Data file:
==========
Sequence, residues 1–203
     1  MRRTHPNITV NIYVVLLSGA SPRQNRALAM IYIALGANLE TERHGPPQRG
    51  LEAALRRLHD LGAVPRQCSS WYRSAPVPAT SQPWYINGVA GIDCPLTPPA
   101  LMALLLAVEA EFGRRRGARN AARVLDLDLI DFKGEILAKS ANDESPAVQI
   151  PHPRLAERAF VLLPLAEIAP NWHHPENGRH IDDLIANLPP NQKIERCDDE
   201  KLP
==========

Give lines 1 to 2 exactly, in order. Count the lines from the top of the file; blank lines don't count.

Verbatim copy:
Sequence, residues 1–203
     1  MRRTHPNITV NIYVVLLSGA SPRQNRALAM IYIALGANLE TERHGPPQRG